Should You Wear Contact Lenses While Playing Sports?

The next time you’re enjoying an evening at the ballpark with seats close to home plate, glance over and see if the batter up has a look of fire in his eyes. When he first started in the minors, MLB Star Bryce Harper of the Washington Nationals caused a few eyebrows to rise as he wore a pair of bright red contact lenses at the plate.

Bryce Harper Contacts

The red contacts weren’t put in to intimidate, but rather to lessen the glare of the sun. The 21-year-old slugger told a Washington Post reporter that his sports contacts, combined with the exercises he does to strengthen his eye muscles, have improved his ability to process the movement of the ball faster than ever before.

Harper isn’t the only major player to use sports lenses on the field; former New York Jets wide receiver Santonio Holmes also wore red contact lenses while catching touchdowns. Broncos’ player Von Miller, who loves to model stylish eyeglasses when out on the town, also prefers wearing contacts during a game. (Side note: He even created a non-profit charity that helps to provide eye exams, glasses, contacts and Lasik eye surgery for underprivileged children!)

If the pros are wearing contact lenses to enhance their game, does that mean you should, too? By all means, yes! With more than half of all American adults requiring corrective lenses, many sports professionals choose to wear contacts to even the playing field. As an added benefit, contact lenses offered by Acuvue, like Oasys for Astigmatism and Advance Plus, also provide UV protection in order to shield the player’s cornea from harmful UV rays.

Contact Lenses vs Eyeglasses in Sports

Given the demand for sports-friendly eyeglasses and contacts, many contact lens companies market their products by pointing out some basic advantages over sports eyeglasses, including the following:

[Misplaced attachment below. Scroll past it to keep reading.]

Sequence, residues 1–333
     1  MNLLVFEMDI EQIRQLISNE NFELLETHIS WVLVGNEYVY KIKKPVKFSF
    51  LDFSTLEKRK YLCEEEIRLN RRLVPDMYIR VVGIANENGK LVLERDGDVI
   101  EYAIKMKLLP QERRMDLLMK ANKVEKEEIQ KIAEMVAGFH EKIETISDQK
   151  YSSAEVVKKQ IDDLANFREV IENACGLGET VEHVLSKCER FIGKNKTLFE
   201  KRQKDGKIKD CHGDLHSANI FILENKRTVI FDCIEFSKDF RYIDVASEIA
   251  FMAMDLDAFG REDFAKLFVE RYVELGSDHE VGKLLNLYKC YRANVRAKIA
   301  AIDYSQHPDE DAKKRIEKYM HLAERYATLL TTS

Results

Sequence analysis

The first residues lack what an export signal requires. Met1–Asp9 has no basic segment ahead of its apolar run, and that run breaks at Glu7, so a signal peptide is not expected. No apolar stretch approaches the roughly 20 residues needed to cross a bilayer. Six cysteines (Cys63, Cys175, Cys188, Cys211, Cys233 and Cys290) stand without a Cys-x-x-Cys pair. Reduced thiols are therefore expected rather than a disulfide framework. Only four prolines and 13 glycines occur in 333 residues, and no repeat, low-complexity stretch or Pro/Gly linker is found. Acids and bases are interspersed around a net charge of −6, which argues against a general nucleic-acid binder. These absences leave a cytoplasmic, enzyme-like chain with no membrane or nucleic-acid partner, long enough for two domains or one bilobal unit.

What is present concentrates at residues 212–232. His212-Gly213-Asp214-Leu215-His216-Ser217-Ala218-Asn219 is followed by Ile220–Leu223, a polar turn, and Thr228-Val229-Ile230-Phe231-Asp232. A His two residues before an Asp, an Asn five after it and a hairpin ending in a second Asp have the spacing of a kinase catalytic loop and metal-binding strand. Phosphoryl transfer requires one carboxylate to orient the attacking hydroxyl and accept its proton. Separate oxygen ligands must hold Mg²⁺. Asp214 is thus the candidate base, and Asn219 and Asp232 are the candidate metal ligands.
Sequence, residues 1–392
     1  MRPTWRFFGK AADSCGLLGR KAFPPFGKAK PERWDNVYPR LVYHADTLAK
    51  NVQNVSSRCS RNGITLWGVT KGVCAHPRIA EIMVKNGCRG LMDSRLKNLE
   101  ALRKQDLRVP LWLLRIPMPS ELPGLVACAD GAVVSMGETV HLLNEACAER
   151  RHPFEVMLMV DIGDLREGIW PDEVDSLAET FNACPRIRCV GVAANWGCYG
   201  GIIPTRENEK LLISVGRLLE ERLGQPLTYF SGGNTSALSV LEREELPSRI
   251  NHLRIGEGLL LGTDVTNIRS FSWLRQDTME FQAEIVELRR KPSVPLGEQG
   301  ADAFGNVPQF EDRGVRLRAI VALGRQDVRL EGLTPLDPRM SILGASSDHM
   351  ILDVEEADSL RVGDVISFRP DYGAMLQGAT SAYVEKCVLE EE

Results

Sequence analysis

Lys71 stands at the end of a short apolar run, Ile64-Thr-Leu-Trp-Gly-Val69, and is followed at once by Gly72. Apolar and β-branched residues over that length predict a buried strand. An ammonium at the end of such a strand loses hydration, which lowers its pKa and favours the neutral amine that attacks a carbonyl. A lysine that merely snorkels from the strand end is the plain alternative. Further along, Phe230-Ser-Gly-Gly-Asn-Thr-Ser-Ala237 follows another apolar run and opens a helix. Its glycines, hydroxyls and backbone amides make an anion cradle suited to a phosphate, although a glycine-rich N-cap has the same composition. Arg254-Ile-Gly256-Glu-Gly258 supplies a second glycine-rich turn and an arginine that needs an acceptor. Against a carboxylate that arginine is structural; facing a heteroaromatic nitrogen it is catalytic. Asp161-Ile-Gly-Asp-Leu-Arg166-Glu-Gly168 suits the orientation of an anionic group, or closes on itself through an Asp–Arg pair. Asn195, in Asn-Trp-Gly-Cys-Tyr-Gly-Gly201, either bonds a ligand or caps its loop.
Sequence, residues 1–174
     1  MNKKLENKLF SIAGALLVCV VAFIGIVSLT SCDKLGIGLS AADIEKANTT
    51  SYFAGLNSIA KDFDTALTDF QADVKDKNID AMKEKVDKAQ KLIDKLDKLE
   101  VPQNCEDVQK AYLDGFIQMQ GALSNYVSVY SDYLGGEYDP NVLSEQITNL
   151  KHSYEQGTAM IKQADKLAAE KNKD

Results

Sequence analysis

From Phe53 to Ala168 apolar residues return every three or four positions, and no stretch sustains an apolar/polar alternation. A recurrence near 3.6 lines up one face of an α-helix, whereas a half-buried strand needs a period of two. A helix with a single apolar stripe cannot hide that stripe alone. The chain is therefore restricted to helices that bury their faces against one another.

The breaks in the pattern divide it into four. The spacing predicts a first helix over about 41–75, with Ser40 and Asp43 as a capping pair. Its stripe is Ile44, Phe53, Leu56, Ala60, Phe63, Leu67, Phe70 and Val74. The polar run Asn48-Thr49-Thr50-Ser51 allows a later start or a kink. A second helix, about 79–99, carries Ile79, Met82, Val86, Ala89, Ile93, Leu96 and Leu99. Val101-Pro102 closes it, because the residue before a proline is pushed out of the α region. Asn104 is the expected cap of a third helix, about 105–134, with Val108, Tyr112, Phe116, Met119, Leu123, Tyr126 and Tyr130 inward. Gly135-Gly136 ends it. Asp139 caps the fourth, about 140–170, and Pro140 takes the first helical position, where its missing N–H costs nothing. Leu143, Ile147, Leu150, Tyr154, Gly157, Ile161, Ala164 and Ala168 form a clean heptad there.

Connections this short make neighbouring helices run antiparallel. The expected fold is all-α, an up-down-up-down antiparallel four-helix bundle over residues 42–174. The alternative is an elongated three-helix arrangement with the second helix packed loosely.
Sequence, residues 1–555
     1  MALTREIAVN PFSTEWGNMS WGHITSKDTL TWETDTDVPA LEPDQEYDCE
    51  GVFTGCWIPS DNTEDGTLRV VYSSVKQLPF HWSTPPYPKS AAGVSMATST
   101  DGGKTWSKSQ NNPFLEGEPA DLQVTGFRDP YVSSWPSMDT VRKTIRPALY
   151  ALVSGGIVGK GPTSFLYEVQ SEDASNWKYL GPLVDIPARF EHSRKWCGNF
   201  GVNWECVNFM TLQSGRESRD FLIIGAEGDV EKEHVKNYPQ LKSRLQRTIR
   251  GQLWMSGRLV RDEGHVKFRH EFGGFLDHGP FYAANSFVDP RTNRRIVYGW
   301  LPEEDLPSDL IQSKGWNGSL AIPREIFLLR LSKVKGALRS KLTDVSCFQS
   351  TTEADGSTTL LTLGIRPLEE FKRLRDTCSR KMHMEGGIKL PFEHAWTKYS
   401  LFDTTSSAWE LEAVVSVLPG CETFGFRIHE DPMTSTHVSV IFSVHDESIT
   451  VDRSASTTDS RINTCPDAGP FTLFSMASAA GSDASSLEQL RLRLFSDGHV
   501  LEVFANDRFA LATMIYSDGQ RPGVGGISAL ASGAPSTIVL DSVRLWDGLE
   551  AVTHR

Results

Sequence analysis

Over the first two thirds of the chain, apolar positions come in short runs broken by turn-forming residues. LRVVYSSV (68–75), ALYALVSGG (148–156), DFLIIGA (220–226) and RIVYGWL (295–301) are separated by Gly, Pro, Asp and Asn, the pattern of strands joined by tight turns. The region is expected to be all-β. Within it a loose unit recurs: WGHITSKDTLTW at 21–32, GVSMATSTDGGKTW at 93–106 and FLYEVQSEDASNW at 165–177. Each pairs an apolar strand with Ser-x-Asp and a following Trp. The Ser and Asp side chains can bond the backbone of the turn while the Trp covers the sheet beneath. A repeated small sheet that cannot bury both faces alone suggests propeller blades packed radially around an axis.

• Better and more stable version – Contact lenses cover more of your natural field of vision than glasses do, especially as frames can easily slide and shift while running or bending over. These vision disturbances are eliminated when sporting contact lenses.
  • Less chance of injury – In rugged sports on the field, track and in the water, eyeglasses are in constant danger of being broken, and this accidental mishap can potentially cause an eye injury.
  • Better peripheral vision – Most sports require sharp peripheral vision, which is limited by eyeglass frames.
  • Unobstructed field of view – Contact lenses also provide a wider, more unobstructed field of view. This helps the individual wearing contacts to react faster to moving objects.
  • Anti-Fog – Have you ever worked up such a sweat that your eyeglass lenses fogged up? Contacts remain unaffected by body heat and perspiration.
  • Better compatibility with safety equipment – Contact lenses do not interfere with essential gear including helmets or goggles in the way that glasses do.


santonio-holmes-contactsEven if you prefer the comfort and reliability of eyeglasses, you might decide to give contacts a try when engaging in sports and other activities. Bryce Harper himself could not tolerate contact lenses when he tried them back in high school; however, with the advances in materials and technologies, Harper claims the contacts he wears today are a highly comfortable fit. New generations of silicone hydrogel contact lenses and disposable contacts provide a fresh alternative to glasses that allow plenty of oxygen to reach the eye and reduce dryness and irritability.

Wearing contact lenses during sports can offer a great advantage, and most professional athletes enjoy the freedom provided to them during workouts and in competition. If you engage in sports and other high-energy activities, talk to your eye doctor and determine which contact lenses might be best for you.

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